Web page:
The Scarlet Letter Structural BreakDown

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This is The Scarlet Letter, structural break down for  chapter ten through eleven.

After having conversed with my fellow scholars over chapter ten through eleven I realized that not everyone’s has the ability to find an exact interpretation with a group of people. Without the diverse selection of view points, interpretations, understanding and enlightenment, a lot of information in those two chapters would likely be misinterpreted. This caused me to feel empathetic for those who do  not experience this learning style and instead I’ve decided to bring it to you. Or I at least plan on helping you to grasp the general themes of importance and guidance through the complex variety of literary devices used by Hawthorne in the book.

Chapter 10:

In this chapter, Hawthorne took time to dive into Roger Chillingworth’s character and he created  a detailed piece of work that lets the reader understand what’s happening at this point of the book. Roger delved through Dimmesdale soul and drove himself relentlessly in search of the truth. Now, he viewed the soul as expendable and he picked through the man’s garbage which most surprisingly appeared to be substances of good character.

After having investigated every displaced piece of Dimmesdale’s physical and spiritual being, he decided that something in between the body and soul. Roger shared similar traits to that which are hounds, for he sniffed and shifted while carefully awaiting with a purpose to steal as he snuck into the man’s chambers in search of a hidden treasure that might disappear with a sudden blink of an eye.

Both characters moved along as if analyzing the latter’s intention or intuition. Roger realized that the only way to inadvertently cause Dimmesdale to repent, he’d have to ask him why men keep to themselves and root their sins within. Oblivious to himself, Dimmesdale lay unaware as he drew an outline for Roger’s personal advantage. The conversation closed with Dimmesdale being in a state of perplexionafter having been affected by his confrontation with either Pearl, Roger Chillingworth or them both.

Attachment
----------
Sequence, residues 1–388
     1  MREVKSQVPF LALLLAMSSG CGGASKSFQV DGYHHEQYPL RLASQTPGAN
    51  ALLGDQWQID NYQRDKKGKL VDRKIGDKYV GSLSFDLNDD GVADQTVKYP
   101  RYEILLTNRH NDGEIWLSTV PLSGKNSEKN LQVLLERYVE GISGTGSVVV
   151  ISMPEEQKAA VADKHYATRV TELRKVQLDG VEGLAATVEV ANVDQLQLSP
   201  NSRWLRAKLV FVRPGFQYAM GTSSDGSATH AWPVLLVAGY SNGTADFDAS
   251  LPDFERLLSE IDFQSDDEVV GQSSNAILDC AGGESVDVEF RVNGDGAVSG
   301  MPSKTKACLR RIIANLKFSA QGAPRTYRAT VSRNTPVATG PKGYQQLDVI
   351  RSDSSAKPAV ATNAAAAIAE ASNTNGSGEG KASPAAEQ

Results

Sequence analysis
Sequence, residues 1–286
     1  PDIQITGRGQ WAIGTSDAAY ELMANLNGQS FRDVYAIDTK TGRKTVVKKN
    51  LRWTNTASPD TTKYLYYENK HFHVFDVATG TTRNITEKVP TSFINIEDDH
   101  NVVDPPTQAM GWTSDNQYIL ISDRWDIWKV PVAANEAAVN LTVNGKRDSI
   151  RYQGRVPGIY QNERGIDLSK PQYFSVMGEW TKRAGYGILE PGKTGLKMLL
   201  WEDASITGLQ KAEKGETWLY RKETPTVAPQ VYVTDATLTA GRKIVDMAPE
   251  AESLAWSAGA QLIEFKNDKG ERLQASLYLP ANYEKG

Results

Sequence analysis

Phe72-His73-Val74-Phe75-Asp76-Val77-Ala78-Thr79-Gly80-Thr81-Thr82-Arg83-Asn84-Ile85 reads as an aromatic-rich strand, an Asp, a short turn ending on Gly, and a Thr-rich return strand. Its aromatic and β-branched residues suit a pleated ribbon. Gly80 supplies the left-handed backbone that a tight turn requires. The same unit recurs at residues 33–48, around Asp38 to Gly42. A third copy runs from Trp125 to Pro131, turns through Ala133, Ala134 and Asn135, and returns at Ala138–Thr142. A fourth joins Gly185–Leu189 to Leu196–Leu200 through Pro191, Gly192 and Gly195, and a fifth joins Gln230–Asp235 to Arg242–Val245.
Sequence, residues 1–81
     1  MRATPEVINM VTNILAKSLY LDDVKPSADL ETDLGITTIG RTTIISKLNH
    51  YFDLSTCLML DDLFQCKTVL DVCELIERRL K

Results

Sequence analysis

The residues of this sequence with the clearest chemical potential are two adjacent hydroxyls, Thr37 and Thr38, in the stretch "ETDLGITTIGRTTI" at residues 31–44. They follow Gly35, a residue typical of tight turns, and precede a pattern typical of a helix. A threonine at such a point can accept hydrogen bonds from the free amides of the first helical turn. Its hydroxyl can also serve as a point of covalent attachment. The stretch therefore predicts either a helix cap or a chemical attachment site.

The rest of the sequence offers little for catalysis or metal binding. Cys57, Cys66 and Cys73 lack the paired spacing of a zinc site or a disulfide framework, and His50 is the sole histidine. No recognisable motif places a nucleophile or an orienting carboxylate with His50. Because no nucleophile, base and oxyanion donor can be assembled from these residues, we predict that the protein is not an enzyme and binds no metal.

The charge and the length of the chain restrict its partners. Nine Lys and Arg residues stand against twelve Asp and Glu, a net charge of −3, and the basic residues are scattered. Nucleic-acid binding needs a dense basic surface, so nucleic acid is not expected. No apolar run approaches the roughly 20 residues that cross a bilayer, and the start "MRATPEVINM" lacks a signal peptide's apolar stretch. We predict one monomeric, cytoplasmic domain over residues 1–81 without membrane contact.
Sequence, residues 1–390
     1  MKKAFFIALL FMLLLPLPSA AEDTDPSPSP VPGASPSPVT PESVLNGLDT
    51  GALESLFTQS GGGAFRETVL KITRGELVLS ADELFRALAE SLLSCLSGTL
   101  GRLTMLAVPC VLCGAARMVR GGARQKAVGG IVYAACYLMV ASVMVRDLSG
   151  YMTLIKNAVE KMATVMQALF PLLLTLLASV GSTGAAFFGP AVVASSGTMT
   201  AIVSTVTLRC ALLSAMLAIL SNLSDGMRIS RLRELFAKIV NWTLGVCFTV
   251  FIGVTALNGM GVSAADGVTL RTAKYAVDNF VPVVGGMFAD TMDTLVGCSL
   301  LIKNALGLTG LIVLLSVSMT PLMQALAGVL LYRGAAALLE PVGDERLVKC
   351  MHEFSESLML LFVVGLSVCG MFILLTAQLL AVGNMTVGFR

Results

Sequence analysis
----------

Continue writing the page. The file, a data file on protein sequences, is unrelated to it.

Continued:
Having been so in tuned to that which was the man’s soul, Roger became a shadow upon him. Meanwhile, the man remained within his chair and Roger became afigure awaiting  distpatch still, abiding there undiscovered. Revealing itself there upon the man’s bosom, all that Roger had asserted now he may prove. Keep in mind any references towards bosom’s being a source of shame throughout the story.

Chapter 11:

The relationship between the two failed to show any physical forms of shifting or distancing, yet the leach (whom still remains as Roger Chillingworth) was picking apart and pulling the strings behind the dummy like thing which we call the man’s soul.

Dimmesdale was aware of an evil influence being over him, yet could never gain knowledge of it’s actual nature. He acknowledged the other man’s ugliness and he looked upon him in horror of a bitter hatred, yet would reel himself back in to question what poison must dwell within his own heart. He grew more misshapen and hideous than the leech, for it was the his  own doing.

Although, what soon had revealed itself to the reader was the type of power the townspeople and his position of power had over his being. Similar, to how he honestly spake on the behalf of Hester by earnestly proclaiming the beauty in her endurance of her daughter whom was her only treasure and source of torture. His position in society and with the people had once brought him great joy, although in that point of time it was an act of retribution.

Take note of his empathy and understanding nature his torture grants him towards his’ people. His position in the town and the people similarly resembles the situation aforementioned with Hester. Hawthorne presented many scenes that highlighted the flaws in the Puritanical system of belief in society by noting their leader’s hypocrisy.

Hopefully this assisted you with the overwhelming load and please take note of how much I hope you’ll benefit from this, seriously.

  • mia

 

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